Deborah Yaffe

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By Deborah Yaffe, Sep 11 2017 01:32PM

We all have our own idea of Pemberley, the quintessential Jane Austen estate. On film, it’s been played by gorgeous Lyme Park, in Cheshire (15-acre garden, 1,400-acre deer park), and even more fabulous Chatsworth, in Derbyshire (126 rooms, 105-acre garden), although it’s likely that Mr. Darcy’s £10,000 a year would not have sufficed to maintain such palatial properties.


Still, even if Darcy contented himself with a more modest stately home, it seems likely he never had to make do with the 460 square feet of the Pemberley, a portable house-on-wheels recently built for a family of five by Colorado-based Rocky Mountain Tiny Houses.*


Tiny Houses are intended to be more affordable and environmentally sustainable than the sprawling McMansions of suburbia, but this particular model is hardly austere: The kitchen features cherry cabinets and granite countertops, the electronic hookup allows for a giant TV, and the appliances are high-end.


Personally, I can’t imagine raising small children in a space this, um, tiny -- not to mention that our books alone would take up all the available surfaces. But check out those beautiful poplar-wood walls! It’s enough to make a girl change her mind about a marriage proposal.


* Thanks to AustenBlog’s Maggie Sullivan for bringing this item to my attention via Twitter.


By Deborah Yaffe, Aug 21 2017 01:00PM

The Jane Austen bicentenary is already a month in the rearview mirror, but cute little tie-in pieces are still turning up online – sometimes new, sometimes overlooked in the mad July 18 rush.


Here are three that have caught my attention recently:


-- “If Jane Austen characters used dating apps”: The BBC imagines how Elizabeth Bennet, Mr. Darcy, Mr. Collins and Mr. Wickham would behave in the Age of Tinder. Not surprisingly, Darcy’s profile is sparse – frankly, I don’t think he’d ever stoop to online dating in the first place, but I’ll suspend my disbelief – and yet Elizabeth swipes right anyway. (Hey, the profile photo is of Colin Firth, so who can blame her?) Funniest touch: Wickham texting an unsolicited pic of his, um, sword. Though I suspect Wickham would be smoother than that. Sword pics seem like more of a John Thorpe move.


--“History of Jane Austen (in One Take)”: History Bombs, which produces fast, hip educational videos and supporting materials for classroom use, offers a five-minute rap summarizing the basics of Jane Austen’s life. It’s funny and entertaining, and of course it’s better that kids should meet Jane Austen than not. But surely if you’re teaching history, you shouldn’t make factual errors about even relatively minor matters like Jane Austen’s age at death or the terms on which she published Emma. *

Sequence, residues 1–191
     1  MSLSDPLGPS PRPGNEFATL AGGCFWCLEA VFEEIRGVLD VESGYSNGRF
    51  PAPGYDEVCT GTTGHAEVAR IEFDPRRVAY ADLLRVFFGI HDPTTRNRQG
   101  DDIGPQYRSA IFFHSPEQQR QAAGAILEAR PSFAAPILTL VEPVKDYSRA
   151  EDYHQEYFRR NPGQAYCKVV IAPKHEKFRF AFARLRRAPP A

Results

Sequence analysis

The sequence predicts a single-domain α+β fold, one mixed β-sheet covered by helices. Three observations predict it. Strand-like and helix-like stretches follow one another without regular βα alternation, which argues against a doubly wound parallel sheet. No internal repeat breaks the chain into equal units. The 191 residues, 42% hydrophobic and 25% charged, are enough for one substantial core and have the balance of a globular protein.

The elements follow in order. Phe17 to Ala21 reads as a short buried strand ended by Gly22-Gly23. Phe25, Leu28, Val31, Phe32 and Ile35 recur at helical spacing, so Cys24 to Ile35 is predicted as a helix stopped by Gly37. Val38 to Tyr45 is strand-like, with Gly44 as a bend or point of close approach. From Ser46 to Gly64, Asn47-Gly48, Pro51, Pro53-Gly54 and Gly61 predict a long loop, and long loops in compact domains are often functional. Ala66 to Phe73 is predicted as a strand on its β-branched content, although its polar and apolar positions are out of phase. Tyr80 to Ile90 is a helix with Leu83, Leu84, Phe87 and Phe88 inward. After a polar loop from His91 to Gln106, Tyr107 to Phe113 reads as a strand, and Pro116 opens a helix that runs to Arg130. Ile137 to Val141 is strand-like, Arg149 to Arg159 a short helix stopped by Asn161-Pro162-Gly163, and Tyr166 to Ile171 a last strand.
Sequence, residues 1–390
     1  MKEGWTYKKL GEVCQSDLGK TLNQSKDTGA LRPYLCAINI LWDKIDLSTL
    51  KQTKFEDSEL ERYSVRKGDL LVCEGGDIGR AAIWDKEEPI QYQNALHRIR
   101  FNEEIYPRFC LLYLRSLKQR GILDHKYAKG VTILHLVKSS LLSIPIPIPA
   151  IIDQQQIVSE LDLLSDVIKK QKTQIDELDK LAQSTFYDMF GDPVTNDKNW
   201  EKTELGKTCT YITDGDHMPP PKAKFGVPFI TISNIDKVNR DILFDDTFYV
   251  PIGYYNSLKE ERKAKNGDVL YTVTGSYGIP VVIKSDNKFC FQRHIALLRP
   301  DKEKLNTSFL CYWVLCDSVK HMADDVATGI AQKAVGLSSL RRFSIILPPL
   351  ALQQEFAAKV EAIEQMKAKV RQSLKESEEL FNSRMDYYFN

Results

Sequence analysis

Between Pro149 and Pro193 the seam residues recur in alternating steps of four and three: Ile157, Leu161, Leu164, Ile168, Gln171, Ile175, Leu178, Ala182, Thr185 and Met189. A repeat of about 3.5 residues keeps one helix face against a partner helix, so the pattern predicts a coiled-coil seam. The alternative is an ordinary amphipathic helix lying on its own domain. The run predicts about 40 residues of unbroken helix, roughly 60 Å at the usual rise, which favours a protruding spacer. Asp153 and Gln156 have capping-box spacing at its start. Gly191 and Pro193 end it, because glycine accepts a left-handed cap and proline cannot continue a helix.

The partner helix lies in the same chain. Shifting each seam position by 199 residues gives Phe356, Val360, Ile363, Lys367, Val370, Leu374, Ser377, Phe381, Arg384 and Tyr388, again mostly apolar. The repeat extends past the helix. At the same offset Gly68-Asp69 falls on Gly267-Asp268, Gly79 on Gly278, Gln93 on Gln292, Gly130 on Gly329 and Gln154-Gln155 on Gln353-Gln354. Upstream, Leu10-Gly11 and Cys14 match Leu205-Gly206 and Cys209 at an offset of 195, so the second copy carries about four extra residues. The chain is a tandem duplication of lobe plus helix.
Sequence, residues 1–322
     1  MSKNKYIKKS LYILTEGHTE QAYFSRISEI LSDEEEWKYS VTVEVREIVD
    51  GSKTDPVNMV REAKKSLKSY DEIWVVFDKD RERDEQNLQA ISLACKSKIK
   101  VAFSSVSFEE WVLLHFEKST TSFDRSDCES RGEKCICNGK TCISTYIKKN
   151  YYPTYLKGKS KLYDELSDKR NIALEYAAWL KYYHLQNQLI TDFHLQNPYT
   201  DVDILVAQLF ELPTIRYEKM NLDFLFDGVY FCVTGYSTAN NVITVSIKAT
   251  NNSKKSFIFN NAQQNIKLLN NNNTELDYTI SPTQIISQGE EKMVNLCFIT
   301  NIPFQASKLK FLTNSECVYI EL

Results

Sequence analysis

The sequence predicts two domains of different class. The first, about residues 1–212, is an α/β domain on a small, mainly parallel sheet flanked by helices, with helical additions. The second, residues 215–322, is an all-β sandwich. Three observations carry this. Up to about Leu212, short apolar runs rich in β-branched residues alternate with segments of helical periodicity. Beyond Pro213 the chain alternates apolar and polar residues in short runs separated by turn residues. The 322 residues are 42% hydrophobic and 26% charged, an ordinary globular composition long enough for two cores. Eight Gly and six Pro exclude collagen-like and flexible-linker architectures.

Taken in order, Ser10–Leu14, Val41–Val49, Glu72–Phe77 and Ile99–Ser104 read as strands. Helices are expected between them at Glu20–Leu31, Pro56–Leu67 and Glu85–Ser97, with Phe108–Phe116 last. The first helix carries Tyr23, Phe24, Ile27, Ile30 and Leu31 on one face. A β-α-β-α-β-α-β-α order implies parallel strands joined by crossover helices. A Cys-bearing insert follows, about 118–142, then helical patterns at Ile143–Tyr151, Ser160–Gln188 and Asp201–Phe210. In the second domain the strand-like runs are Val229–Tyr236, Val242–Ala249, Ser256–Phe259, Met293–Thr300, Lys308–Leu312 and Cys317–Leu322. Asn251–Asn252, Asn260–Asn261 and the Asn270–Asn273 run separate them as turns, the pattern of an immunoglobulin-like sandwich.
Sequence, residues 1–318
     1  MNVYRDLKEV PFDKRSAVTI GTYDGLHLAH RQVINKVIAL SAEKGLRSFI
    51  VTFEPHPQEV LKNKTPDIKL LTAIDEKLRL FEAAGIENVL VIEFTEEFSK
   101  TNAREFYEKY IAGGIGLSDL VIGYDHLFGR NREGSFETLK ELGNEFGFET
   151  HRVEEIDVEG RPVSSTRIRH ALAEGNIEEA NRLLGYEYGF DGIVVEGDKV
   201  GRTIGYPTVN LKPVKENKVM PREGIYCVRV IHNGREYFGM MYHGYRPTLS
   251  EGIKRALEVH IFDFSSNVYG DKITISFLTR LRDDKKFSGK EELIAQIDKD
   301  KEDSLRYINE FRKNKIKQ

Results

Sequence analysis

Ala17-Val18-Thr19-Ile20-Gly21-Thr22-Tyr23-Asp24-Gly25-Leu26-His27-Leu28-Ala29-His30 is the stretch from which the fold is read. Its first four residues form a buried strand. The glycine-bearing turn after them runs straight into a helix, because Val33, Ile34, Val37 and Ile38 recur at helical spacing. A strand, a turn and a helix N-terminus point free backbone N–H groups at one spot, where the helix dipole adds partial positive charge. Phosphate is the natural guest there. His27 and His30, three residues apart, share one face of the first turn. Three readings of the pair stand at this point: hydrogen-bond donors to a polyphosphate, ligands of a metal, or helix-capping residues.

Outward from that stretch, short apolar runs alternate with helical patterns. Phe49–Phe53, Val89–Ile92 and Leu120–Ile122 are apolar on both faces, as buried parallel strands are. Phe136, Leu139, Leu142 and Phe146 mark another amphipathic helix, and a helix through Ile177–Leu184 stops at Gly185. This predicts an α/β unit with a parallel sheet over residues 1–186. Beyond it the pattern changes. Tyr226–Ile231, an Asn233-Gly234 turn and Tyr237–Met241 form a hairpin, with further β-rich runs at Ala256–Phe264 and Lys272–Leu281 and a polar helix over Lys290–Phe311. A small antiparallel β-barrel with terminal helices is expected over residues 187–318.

--“Jane Austen’s facts and figures – in charts”: The Guardian offers an intriguing graphic tour through such matters as the ages of Austen’s heroines, the relative incomes of her characters, and the proportion of unhappy marriages portrayed in her novels (42 percent, they claim). I would quibble over some details – Persuasion’s spontaneous after-dinner dance for three or four couples doesn’t qualify as a ball in my book – and it’s a shame that the Google doc laying out the data in more detail seems to have vanished. Still, this feature should be good for starting a few conversations.



* Thanks to Marian Wilson Kimber for bringing this one to my attention.


By Deborah Yaffe, Jun 19 2017 01:00PM

“The new Darcy Hotel. . . is named for that taciturn hero of Jane Austen’s,” the Washington Times wrote earlier this month, at the outset of an enthusiastic review of the hotel’s seafood restaurant. Disappointingly, the restaurant is called Siren, a name with no P&P associations whatsoever. Instead of, say, Bennet. Or Lady Catherine’s Place. Or Lydia’s Petticoat.


Alas, this dearth of Austen associations is no anomaly, at least as far as I can glean from the website of the hotel, located in Washington D.C.’s upscale Dupont Circle neighborhood. Nary a mention of Austen appears anywhere on the site; without the Times tip-off, there'd be no way of knowing the hotel was named for the literary hero, rather than the character in Thor or the Smashing Pumpkins bassist.* The metal-and-glass décor is described as “updated mid-century modern” – presumably that’s not the mid-nineteenth century – and the his-and-hers silhouettes hanging above the bed in one room photo are rainbowed in neon.


Only the hotel’s amenities evoke that understated-elegance, waited-on-hand-and-foot Pemberley vibe: You can borrow cufflinks from the Haberdashery, order a bespoke suit custom-made during your stay, sip free cocktails every evening, or have a libation created for you in your own room by the “cocktail butler.”


For those of us who might be willing to overlook the thinness of the Austen veneer just so we can say we stayed at The Darcy, prices don’t seem to be excessive, as these things go: Although a mid-week stay begins perilously close to $400 a night and goes up from there, a summer weekend night starts at a more reasonable $179. And with luck, the company will be better than at Lady Catherine’s Place.



* All right, all right. I admit I would never have thought of either of these alternatives without an assist from Google.